There are two types of metal detectors: tunable induction and non-motion. A tunable induction metal detector has a second coil of wire in its head and allows you to tune the signal to a particular conductivity segment. Its non-motion mode eliminates most of the responses from the detector, leaving only metallic targets. It also allows you to set the notch width so that it only identifies targets of a particular conductivity.
Detecting metals with a metal detector
The most basic principle of metal detecting is to use a detector to search for metallic objects. If a metal is present, an eddy current is created. Every metal has a different phase response when it is exposed to alternating current. The longer the wave, the more conductivity it will have. Shorter waves are more effective in detecting objects with low conductivity, but interfere with high frequency signals.
The first step to metal detecting is to find a legal area to search. Most beaches, parks, and wooded areas are generally friendly to metal detectors. If you’re a beginner, it is best to select a quality detector, read the manual, and practice metal detecting in your own backyard. Ideally, you will want to use a metal detector made specifically for metal detecting. This way, you’ll increase the chances of finding something interesting.
Detecting metals with a tunable induction system
The use of a metal detector dates back to the 1881 shooting of US President James A. Garfield, which resulted in the bullet hitting the President in the chest and lodging deep inside his body. Afterward, the President’s body was discovered, but his bullet had never been found. In response, Alexander Graham Bell cobbled together an electromagnetic metal locator based on the findings of German physicist Heinrich Wilhelm Dove.
Modern metal detectors are equipped with GPS locator technology to pinpoint the exact location of valuable finds. Tunable induction systems use two coils that are electro-magnetically tuned. The coils can be tuned to various frequencies, from three to one hundred kHz. While the tunable induction system may not be the most sensitive metal detector on the market, it is incredibly sensitive, which means it’s likely to pass over a valuable find if you aren’t careful.
Detecting metals with a second coil of wire in its head
A metal detector’s head has a transmitter coil and a receiver coil. When a metal is passed over the transmitter coil, a small electric current flows through the receiver coil and is amplified by the coil. A loudspeaker then produces a sound, signaling the discovery of a metal. The closer the metal is to the transmitter coil, the stronger the magnetic field and the louder the signal.
A metal detector works by sensing changes in an electric field created by the passing electricity through the coil. When a metallic object passes over the metal detector, a second magnetic field is produced around the metal, which the detector picks up. These changes in magnetic field are referred to as eddy currents, and can be used to locate a metal by its magnetization properties.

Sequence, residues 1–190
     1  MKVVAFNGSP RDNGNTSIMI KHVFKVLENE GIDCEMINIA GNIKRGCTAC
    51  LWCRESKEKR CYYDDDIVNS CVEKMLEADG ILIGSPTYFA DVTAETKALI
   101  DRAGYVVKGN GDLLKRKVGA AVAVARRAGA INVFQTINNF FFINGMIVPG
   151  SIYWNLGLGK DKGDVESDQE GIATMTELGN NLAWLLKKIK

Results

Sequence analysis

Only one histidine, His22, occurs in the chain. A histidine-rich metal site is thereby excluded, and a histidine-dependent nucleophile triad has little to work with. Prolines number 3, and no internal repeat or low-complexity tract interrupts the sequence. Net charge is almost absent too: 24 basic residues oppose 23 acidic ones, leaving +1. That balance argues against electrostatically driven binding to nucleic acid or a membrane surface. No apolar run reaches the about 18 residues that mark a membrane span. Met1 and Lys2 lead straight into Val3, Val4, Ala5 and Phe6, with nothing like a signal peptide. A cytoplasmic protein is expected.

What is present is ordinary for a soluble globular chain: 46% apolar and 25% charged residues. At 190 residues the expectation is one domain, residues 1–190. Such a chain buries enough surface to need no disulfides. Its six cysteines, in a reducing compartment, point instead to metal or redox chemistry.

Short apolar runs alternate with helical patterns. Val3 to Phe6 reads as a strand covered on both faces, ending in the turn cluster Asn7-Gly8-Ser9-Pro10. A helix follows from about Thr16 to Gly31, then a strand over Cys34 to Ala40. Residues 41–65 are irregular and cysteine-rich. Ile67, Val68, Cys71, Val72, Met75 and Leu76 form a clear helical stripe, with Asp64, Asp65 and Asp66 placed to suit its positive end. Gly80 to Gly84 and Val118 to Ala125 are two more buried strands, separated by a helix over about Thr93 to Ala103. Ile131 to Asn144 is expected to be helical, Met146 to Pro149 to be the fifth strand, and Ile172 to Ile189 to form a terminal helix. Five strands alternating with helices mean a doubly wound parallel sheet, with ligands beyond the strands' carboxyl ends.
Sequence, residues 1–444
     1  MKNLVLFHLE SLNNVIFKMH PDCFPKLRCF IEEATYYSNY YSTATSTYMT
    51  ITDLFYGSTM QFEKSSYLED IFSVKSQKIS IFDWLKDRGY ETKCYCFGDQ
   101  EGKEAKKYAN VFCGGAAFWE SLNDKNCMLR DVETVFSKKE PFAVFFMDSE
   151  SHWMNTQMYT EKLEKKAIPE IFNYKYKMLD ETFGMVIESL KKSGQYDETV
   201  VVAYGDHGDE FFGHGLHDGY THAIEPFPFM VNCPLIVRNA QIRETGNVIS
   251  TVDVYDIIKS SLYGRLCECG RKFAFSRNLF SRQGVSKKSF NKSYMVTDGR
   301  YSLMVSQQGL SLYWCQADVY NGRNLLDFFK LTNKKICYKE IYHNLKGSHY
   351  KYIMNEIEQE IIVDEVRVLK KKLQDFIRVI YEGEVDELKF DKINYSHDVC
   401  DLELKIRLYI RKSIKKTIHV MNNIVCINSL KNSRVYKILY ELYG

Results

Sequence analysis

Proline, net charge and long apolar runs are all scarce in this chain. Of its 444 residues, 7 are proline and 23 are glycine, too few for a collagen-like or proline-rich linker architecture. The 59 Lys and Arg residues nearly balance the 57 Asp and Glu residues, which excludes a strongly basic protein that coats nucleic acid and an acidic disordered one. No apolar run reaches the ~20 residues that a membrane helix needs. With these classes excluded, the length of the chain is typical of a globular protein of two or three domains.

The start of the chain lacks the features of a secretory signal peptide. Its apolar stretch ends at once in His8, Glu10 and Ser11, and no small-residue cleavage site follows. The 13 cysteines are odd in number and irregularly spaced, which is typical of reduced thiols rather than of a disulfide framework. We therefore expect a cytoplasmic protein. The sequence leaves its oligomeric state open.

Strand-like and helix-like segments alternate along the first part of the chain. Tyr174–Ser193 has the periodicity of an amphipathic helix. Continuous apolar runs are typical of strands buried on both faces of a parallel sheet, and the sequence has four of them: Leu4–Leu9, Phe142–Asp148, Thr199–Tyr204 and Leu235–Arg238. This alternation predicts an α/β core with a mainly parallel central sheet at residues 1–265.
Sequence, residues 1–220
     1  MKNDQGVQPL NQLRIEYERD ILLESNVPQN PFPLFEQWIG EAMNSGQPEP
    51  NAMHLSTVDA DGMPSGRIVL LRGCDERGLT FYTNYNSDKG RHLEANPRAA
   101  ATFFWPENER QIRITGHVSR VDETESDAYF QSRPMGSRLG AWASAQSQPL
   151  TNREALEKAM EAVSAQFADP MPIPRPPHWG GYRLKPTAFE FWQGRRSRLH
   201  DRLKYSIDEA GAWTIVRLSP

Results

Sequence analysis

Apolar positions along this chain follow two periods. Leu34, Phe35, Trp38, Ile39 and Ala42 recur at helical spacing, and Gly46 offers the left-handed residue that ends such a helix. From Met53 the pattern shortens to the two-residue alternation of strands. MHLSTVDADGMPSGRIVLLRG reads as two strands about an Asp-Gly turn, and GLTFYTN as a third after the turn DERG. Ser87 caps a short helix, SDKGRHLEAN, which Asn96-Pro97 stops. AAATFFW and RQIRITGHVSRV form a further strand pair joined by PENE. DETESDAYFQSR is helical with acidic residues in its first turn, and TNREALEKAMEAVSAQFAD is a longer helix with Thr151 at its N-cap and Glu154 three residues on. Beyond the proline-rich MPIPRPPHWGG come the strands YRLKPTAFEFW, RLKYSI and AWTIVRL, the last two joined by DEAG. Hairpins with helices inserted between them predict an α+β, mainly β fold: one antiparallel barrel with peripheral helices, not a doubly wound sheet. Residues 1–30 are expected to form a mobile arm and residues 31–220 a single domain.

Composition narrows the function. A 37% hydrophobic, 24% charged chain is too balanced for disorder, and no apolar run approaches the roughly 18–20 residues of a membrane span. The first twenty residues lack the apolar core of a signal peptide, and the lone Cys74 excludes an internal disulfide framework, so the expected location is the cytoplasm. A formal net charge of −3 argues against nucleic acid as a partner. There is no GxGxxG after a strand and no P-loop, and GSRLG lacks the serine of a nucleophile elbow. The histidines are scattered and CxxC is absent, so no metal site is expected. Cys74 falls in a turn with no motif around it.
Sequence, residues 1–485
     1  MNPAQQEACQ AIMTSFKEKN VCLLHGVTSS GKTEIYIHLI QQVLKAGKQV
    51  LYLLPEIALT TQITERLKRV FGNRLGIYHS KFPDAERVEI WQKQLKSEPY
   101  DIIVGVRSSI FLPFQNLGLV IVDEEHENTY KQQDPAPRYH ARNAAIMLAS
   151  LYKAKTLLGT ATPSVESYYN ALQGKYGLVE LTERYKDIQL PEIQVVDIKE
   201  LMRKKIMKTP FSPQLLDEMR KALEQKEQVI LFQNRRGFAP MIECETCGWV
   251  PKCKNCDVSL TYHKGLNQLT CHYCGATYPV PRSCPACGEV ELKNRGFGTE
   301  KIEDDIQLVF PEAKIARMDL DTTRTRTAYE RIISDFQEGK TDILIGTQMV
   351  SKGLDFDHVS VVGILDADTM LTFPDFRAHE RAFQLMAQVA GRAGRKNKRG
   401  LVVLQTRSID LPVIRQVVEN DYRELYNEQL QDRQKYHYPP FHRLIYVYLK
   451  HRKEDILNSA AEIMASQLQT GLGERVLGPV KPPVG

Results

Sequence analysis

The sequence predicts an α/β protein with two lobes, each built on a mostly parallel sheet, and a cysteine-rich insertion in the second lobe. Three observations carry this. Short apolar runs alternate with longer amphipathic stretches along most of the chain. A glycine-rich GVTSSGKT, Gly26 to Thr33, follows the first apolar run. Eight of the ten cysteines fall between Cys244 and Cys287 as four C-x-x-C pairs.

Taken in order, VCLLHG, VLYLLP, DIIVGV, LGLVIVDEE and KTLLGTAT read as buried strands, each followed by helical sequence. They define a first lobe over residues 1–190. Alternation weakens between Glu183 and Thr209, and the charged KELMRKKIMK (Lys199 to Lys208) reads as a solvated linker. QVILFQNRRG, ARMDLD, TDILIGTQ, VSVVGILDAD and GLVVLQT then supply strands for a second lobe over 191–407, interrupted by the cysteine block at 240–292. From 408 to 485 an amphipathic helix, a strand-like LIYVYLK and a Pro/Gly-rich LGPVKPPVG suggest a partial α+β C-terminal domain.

Detecting metals in the range of the notch width
A metal detector’s discrimination level is the control that determines the size and conductivity of metal targets it will reject. A metal detector with high discrimination will reject all targets that are too large and too small. A detector with low discrimination will accept any metal targets. Using a low discrimination level will limit the target selection to the size and conductivity of the notch. The notch level is an important feature to understand before using a metal detector.
In order to determine the depth of the notch, the IDE probe is moved across the defect. The sensor is located at three mm away. The distance between the notch and the defect is recorded before beginning the notch-type damage scanning process. The results from each step are then recorded. It is recommended to use a level instrument to keep the horizontal relative positions constant. If the notch width is greater than 1.8 mm, the measured results will be close to the true value.
Detecting metals with a VLF metal detector
The type of metal detector you choose will influence the depth of the detection. This is because the closer an object is to the surface, the stronger its magnetic field and electric current will be. However, further below the surface, the magnetic field will be weak and undetectable by the receiver coil. However, a VLF metal detector can distinguish between various metals. Here are some tips for successful metal detection.
When you use a VLF metal detector, you will receive the frequency that is unique to each metal. Inductance and resistance are highly variable and vary by metal type. The VLF metal detector will examine this shift and compare it to the average level for that particular metal. A visual indicator will also alert you if you detect any metal. Once you have found metal, you’ll be alerted by an audible tone or visual indicator.